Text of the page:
Home builder confidence held steady in November

Home builder confidence held steady in November as the housing market recovery chugs along. 

Confidence in the market for newly built, single-family homes was unchanged in November from October's 54, which was revised down, according to the National Association of Home Builders/Wells Fargo Housing Market Index (HMI) released on Monday. 

For six straight months, more builders have viewed market conditions as good than poor.

"Given the current interest rate and pricing environment, consumers continue to show interest in purchasing new homes, but are holding back because Congress keeps pushing critical decisions on budget, tax and government spending issues down the road," said NAHB Chairman Rick Judson.

"Meanwhile, builders continue to face challenges related to rising construction costs and low appraisals."

Any reading above 50 reflects greater confidence in the market. 

Builders along with many other business groups have been complaining about the inability of Washington's policymakers to move forward on weighty issues that they argue would provide an immediate boost to the economy.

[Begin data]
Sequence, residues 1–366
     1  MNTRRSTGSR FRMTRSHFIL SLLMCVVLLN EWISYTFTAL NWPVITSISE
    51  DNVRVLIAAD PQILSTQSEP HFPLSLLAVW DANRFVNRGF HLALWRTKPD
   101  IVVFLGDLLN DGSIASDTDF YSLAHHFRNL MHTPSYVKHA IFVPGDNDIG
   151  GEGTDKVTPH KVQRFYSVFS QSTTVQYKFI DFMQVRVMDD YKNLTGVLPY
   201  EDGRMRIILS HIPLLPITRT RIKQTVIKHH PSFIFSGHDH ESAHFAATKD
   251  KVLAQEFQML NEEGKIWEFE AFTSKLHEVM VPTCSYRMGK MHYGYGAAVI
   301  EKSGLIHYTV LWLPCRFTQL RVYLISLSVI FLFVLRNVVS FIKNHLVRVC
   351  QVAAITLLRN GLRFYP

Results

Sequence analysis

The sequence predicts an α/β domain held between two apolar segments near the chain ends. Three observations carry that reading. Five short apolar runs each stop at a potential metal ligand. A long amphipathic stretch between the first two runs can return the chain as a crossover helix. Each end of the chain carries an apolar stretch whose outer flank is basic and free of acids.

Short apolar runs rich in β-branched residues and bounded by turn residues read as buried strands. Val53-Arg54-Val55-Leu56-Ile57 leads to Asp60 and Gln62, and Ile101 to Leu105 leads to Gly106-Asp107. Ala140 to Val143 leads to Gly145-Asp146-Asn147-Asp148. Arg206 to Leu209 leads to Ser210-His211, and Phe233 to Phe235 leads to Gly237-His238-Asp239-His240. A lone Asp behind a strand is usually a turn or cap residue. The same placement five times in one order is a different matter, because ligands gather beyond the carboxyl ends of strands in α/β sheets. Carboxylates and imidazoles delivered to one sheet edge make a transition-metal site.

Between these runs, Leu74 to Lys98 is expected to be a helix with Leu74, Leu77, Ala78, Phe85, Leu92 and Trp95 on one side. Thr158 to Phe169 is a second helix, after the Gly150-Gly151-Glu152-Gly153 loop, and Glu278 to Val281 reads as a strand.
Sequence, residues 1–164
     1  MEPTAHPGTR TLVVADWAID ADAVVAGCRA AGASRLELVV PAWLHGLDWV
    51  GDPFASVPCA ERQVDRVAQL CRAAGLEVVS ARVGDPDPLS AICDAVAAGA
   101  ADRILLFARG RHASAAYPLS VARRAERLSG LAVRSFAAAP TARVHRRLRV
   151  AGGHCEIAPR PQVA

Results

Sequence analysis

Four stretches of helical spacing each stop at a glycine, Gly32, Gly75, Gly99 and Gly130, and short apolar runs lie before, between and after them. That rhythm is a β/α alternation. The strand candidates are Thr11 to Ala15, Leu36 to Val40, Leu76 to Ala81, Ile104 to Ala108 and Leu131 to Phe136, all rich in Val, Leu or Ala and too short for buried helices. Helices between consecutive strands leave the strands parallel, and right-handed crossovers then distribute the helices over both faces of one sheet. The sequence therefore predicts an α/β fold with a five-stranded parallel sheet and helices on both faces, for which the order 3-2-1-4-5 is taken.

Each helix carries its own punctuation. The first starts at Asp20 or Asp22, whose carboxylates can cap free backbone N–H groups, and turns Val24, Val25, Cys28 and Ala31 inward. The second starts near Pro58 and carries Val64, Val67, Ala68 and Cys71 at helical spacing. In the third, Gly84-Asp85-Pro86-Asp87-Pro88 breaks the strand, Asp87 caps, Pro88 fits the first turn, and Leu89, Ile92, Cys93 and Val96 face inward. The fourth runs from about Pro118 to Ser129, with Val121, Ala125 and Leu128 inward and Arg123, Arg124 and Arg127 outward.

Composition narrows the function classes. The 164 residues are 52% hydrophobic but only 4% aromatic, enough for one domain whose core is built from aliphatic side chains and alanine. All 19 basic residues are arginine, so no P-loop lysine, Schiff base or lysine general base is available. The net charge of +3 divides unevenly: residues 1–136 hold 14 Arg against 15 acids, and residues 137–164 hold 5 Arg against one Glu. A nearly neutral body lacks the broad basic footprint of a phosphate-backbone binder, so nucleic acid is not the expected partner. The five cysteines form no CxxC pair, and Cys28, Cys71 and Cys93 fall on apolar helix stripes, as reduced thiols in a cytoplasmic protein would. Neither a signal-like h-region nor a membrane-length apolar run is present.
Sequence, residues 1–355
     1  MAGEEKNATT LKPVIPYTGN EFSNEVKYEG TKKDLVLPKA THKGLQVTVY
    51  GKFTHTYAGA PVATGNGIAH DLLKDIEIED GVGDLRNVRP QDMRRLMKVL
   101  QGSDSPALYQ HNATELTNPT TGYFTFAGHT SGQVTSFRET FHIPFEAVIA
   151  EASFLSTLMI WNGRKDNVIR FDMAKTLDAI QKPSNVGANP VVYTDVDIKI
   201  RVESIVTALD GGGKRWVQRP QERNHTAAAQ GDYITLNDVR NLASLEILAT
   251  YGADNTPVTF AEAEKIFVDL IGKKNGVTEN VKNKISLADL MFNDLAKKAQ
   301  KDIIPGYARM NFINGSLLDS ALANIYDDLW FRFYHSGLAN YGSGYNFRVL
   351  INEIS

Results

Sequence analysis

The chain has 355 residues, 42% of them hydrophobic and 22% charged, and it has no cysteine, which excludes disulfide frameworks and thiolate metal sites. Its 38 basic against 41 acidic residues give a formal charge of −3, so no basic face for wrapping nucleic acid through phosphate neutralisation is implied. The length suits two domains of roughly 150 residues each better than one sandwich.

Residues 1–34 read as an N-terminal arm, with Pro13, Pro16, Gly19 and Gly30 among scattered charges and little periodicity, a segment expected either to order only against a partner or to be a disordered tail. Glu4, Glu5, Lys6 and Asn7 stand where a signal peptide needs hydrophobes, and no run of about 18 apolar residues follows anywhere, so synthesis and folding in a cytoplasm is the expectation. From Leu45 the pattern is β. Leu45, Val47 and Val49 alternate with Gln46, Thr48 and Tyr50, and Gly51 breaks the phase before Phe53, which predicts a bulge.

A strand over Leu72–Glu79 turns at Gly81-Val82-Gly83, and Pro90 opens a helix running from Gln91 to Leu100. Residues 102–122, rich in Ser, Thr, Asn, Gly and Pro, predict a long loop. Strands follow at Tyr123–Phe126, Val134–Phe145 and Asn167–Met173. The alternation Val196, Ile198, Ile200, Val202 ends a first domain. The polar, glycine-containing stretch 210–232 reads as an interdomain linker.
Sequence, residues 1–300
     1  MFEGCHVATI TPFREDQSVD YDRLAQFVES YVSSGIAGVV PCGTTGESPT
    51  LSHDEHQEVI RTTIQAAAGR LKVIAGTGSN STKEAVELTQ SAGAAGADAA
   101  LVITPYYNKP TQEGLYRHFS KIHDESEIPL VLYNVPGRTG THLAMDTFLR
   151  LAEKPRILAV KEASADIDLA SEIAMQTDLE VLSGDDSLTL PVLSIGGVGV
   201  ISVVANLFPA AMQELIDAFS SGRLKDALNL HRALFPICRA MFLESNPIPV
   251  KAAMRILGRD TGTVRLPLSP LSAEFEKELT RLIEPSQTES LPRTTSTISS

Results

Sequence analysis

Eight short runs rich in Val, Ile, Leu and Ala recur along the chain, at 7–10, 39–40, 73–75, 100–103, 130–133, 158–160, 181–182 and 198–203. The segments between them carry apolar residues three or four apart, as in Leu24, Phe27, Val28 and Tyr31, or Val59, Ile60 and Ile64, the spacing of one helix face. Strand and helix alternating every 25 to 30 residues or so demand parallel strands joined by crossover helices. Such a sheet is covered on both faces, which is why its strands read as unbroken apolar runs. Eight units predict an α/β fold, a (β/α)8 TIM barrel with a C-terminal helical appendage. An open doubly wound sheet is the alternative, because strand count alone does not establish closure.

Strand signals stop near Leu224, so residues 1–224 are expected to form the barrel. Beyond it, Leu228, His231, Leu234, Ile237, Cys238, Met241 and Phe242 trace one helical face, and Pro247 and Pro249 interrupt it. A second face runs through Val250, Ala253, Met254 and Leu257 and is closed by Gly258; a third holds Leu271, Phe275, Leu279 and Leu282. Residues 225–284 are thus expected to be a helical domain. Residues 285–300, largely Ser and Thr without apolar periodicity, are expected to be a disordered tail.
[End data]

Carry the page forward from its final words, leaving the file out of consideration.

Those include immigration, tax reform as well as short- and long-term plans to deal with budget and debt-ceiling matters. 

"Policy and economic uncertainty is undermining consumer confidence," said David Crowe, NAHB's chief economist.

"The fact that builder confidence remains above 50 is an encouraging sign, considering the unresolved debt and federal budget issues cause builders and consumers to remain on the sideline."

Other parts of the index either held steady or fell slightly. 

The index gauging current sales conditions in November held steady at 58.

The component measuring expectations for future sales fell 1 point to 60 and the component gauging traffic of prospective buyers dropped 1 point to 42.

The index's three-month moving average was mixed across the nation's four regions.

There were no changes in the South or West, which held at 56 and 60, respectively. The Northeast recorded a 1-point gain to 39 and the Midwest fell 3 points to 60.